« Court Rules Against Superintendent in Libel Case | Main | U.S. Backs Rulings Requiring More English-Language Learner Aid in Arizona »

Roundup: Vouchers, Single-Sex Classes, and Other Cases

Catching up with some developments of the week:

School Vouchers: The Arizona Supreme Court struck down two voucher programs as violating the state constitution's prohibition against appropriating money for private or religious schools.

The court's March 25 decision in Cain v. Horne, which concerns voucher programs for students with disabilities and for children in foster care, is here.The Arizona Republic reports here.

The decision is the latest evidence that despite voucher proponents' 2002 victory in the U.S. Supreme Court in Zelman v. Simmons-Harris, the opponents of vouchers have many state constitutional arguments to pursue.

End to Single-Sex Classes: The Mobile County, Ala., school system has agreed to stop offering single-sex classes in some of its schools, the Mobile Press-Register reports here.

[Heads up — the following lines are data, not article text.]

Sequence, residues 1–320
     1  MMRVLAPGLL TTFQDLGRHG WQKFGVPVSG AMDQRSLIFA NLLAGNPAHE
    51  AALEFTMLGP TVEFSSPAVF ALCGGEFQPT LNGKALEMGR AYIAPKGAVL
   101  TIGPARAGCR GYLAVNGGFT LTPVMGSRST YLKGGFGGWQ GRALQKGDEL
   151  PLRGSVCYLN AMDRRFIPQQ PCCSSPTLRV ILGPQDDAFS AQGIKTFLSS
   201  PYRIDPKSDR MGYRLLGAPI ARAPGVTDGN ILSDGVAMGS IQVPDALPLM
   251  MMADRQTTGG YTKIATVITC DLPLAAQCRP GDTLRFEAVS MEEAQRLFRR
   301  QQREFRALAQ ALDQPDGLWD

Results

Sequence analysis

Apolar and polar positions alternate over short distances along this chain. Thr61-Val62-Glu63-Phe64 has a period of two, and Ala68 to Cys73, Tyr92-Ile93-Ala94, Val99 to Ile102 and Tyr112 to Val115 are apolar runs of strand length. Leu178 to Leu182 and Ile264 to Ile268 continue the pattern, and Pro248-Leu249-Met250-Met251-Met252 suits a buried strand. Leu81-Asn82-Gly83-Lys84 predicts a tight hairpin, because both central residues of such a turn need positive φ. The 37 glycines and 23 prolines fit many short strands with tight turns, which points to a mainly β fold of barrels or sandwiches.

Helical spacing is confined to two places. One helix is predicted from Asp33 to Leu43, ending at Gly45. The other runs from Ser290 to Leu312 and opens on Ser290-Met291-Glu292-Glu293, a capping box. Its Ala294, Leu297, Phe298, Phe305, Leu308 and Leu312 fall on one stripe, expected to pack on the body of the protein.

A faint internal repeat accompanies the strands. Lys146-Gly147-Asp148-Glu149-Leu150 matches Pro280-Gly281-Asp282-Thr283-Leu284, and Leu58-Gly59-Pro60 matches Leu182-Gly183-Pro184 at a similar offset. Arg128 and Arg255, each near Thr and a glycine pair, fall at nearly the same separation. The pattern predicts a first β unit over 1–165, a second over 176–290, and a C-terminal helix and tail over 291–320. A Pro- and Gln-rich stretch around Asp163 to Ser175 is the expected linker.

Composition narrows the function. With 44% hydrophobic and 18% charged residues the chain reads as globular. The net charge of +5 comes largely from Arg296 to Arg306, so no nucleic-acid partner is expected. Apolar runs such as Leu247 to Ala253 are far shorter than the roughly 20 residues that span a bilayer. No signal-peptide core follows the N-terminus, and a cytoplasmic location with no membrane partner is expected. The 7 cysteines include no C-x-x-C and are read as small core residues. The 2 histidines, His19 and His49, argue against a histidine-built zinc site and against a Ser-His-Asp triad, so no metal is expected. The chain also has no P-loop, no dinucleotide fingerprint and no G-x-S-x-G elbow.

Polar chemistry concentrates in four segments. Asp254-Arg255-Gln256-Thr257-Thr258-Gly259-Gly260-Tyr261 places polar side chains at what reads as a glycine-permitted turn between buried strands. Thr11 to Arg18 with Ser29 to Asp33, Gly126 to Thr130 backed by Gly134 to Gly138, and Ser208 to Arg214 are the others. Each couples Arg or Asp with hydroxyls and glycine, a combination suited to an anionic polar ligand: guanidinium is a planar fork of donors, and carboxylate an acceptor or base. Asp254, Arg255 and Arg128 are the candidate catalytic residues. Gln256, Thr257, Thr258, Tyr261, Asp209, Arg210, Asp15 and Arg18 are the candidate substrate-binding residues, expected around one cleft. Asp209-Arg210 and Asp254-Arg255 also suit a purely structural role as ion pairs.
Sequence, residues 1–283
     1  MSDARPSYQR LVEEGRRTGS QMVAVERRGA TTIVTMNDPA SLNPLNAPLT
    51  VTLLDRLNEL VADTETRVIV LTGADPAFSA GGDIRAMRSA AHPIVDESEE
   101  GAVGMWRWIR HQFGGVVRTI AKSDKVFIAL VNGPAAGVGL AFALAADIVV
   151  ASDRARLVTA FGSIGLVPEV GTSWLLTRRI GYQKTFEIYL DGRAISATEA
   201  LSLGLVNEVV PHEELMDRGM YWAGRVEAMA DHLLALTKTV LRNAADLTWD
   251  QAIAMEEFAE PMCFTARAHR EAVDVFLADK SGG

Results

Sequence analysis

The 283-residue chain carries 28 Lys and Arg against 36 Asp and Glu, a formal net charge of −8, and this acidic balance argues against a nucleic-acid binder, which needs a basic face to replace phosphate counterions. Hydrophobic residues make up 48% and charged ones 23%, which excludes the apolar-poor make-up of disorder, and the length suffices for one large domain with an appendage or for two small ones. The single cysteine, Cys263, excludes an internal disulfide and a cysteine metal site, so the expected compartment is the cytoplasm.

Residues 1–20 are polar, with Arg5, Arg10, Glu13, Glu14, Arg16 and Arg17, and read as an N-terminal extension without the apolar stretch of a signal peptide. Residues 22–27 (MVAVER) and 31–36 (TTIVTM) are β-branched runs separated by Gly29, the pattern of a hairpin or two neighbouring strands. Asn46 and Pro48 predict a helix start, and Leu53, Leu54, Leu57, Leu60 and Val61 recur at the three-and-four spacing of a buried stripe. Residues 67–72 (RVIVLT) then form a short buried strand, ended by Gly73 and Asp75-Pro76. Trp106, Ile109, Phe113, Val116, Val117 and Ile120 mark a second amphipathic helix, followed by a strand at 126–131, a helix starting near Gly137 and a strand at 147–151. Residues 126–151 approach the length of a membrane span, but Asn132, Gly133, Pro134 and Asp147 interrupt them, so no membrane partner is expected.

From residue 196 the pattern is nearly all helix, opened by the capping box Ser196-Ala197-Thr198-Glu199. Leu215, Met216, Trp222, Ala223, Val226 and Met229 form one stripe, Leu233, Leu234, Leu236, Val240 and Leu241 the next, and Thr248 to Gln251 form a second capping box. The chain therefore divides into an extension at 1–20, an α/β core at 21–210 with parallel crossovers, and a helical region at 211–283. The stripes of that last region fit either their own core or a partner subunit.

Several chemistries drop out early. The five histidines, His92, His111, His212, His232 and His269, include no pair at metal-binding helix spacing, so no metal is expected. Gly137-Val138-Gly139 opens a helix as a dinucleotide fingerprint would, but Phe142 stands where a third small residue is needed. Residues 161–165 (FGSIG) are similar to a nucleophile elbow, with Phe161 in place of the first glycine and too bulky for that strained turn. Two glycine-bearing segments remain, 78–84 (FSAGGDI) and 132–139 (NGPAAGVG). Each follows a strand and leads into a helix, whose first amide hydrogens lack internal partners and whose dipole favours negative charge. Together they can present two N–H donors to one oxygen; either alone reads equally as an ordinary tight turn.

The American Civil Liberties Union issued this press release about the case. The settlement agreement can be downloaded at this site.

In These Times: The New York Times had a couple of interesting school law articles this week. On Tuesday, Times Supreme Court correspendent Adam Liptak got the jump on a preview of next month's arguments in Safford Unified School District v. Redding, the case examining the strip-search of a middle school student by school officials looking for prescription drugs. Adam's site visit to the Arizona community where student Savanna Redding lives is here.

And on Thursday, the Times reported on students in Pennsylvania who sued the local prosecutor over a "sexting" case. The story raises questions about the role of school officials in the case.

You must be logged in to leave a comment. Login | Register
Ground Rules for Posting
We encourage lively debate, but please be respectful of others. Profanity and personal attacks are prohibited. By commenting, you are agreeing to abide by our user agreement.
All comments are public.

Follow This Blog

Advertisement

Most Viewed on Education Week

Categories

Archives

Recent Comments